Lesson: When you get a new boss you must demonstrate your competence and fit anew. And lose the bizarre behavior! When you get a new boss, you must connect with him or her in ways that earn you credibility. Your good reputation may precede you, but your new boss will form her own opinion as she assesses your work and how you interact with others. Recognize and accept that your work world has changed. In a sense you’re starting over; commit yourself to establishing a good connection. And inappropriate behavior is never a career booster no matter how connected you are with your manager.
As a proud alum of an SEC school (a school that is currently #1 in the college football rankings, I might add!), I do wonder if Orgeron’s indiscretions would have been ignored — or at least tolerated for longer — had the wins on the football field kept coming. It’s a cynical thought, and one I wish I didn’t have, but every sports fan knows that tolerance for off-field shenanigans shrinks when a team isn’t doing well. That said, the lesson is firm: achieve your goals and act appropriately!
Aaron Rodgers: embattled quarterback Green Bay Packers (and relentless State Farm Insurance commercials guy)
Facts: Aaron Rodgers is perhaps the NFL’s premier quarterback, and he has just been diagnosed with Covid. He has not been following all NFL protocol for non-vaccinated players – such as wearing a mask when being interviewed after a game – presumably because he was vaccinated and thus did not need to. He had been asked in August whether he was vaccinated, at which time Rodgers said, “Yeah, I’ve been immunized.” Turns out immunized means something other than vaccinated, although it’s not clear exactly what. TV sports talking heads have been brutal, flatly calling Rodgers a “liar.” Rodgers says he didn’t lie.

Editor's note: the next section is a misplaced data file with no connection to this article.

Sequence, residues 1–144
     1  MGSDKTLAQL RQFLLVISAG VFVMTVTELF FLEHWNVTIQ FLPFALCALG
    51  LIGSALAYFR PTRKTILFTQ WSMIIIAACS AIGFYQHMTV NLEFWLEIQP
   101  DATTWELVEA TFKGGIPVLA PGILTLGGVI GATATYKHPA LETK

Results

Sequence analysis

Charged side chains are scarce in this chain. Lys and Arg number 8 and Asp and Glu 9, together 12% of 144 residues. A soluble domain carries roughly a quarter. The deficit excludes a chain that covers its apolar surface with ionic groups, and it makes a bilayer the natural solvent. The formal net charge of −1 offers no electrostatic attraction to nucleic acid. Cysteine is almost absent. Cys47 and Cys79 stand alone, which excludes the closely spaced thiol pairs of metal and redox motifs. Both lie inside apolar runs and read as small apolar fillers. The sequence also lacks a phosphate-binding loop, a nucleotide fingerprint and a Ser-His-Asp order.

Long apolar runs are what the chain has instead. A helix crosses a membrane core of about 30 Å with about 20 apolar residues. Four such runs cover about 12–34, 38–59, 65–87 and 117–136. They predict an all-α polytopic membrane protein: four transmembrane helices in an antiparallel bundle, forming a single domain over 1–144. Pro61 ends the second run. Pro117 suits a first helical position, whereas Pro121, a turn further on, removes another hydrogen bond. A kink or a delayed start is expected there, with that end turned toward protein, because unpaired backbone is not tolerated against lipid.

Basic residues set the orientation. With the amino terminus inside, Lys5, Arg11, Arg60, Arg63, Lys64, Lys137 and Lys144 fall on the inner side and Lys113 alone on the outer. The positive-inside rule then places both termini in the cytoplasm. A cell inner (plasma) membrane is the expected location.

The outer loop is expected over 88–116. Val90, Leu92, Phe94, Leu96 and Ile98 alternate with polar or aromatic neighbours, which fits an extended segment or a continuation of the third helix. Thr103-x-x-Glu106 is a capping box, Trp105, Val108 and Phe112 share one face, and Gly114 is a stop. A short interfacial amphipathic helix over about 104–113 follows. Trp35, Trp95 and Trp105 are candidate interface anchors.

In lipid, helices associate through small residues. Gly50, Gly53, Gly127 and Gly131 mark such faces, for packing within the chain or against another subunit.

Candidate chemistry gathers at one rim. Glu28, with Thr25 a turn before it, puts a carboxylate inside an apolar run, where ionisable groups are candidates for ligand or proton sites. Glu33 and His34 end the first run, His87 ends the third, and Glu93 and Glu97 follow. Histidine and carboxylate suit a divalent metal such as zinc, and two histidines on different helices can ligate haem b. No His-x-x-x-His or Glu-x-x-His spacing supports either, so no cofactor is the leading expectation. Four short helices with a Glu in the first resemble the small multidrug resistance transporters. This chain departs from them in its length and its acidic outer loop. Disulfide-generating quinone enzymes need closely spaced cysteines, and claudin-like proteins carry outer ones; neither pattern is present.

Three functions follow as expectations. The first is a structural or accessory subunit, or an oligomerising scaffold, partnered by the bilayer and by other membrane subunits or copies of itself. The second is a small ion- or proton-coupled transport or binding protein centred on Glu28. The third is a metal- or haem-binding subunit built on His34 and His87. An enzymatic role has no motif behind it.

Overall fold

Lesson: Be honest in all matters, large and small. Judges face disciplinary action under their Model Code of Judicial Conduct for creating the “appearance of impropriety.” It’s a good test for the rest of us. If you must explain why your conduct that appears dubious isn’t dubious, skip the conduct. Your explanation is likely futile, as the need to explain suggests impropriety. Whether you actually lied isn’t the issue – if it appears that you did, or that you mislead people, your character and truthfulness are tainted, and will impact how you are viewed and believed going forward.
Once you lose your credibility it will be likely – if not impossible – to regain it.
Mind what you put in writing and send to others (and your manners), do your best work and be your best self when you get a new boss, and be careful not to mislead people. Pretty basic it would seem, but it seems to still be news even to talented and accomplished people.
Sources: New York Times article by Ken Belson and Katherine Rosman (Gruden), SI.com article by Michael Silver (Gruden), ESPN article written by Zac Al-Katheeb (Orgeron), ESPN article written by Rob Demovsky (Rogers).